When I first hit the book scene as an author, I developed a talk called, "Ten things I've learned since becoming a published writer."
Some of the things were funny: There's a man in Texas who doesn't like to laugh . . . and is proud of it.
Others focused on what surprised me: No one is going to recognize you or stop you on the street to tell you she loves your book.
This weekend, I was in Roswell, NM as a guest of the Friends of the Public Library. I updated my Ten Things talk and wanted to share five items with you. They're personal — not dictums for everyone — but they're tidbits that are important to me and might help others on this particular road.
#1 The first job of a writer is to write.
Yes, I know that sounds obvious, but it took me a few years to figure out. I got so distracted in the marketing game that I kept losing focus of what's important. You have to write to be a writer. If you're not writing, you'll be a has-been before you ever become a does-have.
#2 Creativity must be nurtured.
There are several ways to do this. I've found unplugging — turning off the computer (especially the internet/email, no phone) is a big one. Taking walks and staring blankly into space works well too. And writing, writing, writing — without personal censorship — propels me into different and interesting directions . The more I do it and produce, the more ideas I have.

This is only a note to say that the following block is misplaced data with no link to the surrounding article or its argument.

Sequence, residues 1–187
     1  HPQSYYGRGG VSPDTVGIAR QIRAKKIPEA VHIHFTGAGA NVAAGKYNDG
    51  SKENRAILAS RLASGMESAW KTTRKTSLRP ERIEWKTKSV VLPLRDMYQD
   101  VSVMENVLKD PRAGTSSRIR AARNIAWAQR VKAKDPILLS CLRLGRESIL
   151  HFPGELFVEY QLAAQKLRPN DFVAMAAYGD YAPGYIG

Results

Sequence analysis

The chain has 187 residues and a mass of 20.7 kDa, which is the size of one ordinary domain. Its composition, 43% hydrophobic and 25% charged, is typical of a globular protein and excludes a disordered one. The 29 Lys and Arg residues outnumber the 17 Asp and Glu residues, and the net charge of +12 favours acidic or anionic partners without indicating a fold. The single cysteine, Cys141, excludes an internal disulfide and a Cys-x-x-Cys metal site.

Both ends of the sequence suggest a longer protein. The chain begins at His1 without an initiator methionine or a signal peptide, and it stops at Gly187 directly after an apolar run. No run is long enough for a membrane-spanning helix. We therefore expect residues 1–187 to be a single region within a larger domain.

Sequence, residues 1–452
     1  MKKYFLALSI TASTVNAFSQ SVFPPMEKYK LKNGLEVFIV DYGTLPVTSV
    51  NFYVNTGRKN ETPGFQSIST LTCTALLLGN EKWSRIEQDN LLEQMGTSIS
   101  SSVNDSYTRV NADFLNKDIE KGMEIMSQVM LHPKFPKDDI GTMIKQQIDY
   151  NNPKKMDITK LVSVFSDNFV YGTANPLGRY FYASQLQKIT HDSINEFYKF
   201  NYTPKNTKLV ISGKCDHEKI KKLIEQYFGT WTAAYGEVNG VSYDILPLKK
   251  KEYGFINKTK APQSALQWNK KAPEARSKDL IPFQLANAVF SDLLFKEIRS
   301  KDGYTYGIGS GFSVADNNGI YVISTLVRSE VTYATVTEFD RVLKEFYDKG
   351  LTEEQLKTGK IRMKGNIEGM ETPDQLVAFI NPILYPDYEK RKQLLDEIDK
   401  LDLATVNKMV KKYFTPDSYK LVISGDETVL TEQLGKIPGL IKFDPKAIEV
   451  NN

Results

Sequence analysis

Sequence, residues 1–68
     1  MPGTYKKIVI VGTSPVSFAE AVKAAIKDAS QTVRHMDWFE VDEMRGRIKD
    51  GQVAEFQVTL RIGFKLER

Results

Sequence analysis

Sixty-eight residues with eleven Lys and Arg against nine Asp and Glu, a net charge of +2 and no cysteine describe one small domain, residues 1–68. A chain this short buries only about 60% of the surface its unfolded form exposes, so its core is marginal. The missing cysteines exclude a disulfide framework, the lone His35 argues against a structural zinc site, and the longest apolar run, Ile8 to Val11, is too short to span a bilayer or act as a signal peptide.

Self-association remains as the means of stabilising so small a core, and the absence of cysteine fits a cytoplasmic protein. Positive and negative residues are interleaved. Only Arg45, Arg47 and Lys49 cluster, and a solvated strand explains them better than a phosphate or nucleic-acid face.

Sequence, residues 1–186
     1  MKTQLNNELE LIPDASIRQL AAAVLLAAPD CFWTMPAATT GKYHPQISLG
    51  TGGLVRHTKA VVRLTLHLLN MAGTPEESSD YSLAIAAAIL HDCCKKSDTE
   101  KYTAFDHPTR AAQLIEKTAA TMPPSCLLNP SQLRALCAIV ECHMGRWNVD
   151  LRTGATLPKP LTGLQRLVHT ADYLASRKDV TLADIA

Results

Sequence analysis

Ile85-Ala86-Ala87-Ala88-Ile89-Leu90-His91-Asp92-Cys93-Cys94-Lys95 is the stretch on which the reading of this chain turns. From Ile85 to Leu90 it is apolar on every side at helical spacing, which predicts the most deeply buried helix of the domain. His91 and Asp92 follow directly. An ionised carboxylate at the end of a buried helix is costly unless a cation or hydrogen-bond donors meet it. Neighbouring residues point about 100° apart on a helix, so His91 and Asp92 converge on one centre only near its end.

#3 "Edit" is the most essential word for any writer.
I don't care who you are, editing will make you better. It's part of writing the best book you can. The longer I'm in this career, the more I realize how words can be misinterpreted. Writing what I mean to write takes effort and a critical eye. Actually, it takes many critical eyes.
#4 There's no such thing as "writer's block" — at least for me — BUT there is such a thing as paralysis due to fear of failure/of not living up to expectations.
Most writers I know are great actors. We pretend to have faith in our work. Dig deeper and you'll find our fragile faith in ourselves, in our ability to effectively tell the stories we want to tell. We can be knocked to the floor with a bad review or a nasty email. When we're in that scary place of self doubt, it's difficult to continue creating. And it's easy to get stuck, to blame an absent muse, when what has really left us is our own self confidence.
#5 Word of mouth remains the most powerful way to make/break a career.
It doesn't matter if we Twitter or FaceBook, if we email or do public appearances, if we buddy up to bookstore employees or attach magnetic signs about our books to our cars, if we send out monthly newsletters or have contests — nothing will get us further than the real buzz of readers who love our work and want us to succeed. I know that many people believe that we can manufacture that buzz, and maybe we can through some of the methods mentioned above, but the bottom line is that person-to-person communication remains the single most effective tool to persuade others to buy books.
I don't want this to be a long post, so I'll stop here and throw it out to YOU.
Writers: What's something you've learned since publication?
Readers: What has surprised you about writers or their professional lives since you've become part of the literary community (You are, you know; you prove it daily by reading and hanging out in the blogosphere.)?